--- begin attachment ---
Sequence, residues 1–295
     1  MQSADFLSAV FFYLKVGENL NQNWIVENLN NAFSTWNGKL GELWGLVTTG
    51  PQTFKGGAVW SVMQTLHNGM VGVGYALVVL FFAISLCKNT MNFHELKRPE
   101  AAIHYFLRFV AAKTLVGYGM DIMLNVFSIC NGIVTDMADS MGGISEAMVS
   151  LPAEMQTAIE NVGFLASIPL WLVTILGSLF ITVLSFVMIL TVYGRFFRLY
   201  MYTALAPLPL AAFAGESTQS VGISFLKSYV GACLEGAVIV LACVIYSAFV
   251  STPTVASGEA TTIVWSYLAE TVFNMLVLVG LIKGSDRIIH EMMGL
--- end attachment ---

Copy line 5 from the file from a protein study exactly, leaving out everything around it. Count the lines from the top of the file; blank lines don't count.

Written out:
   151  LPAEMQTAIE NVGFLASIPL WLVTILGSLF ITVLSFVMIL TVYGRFFRLY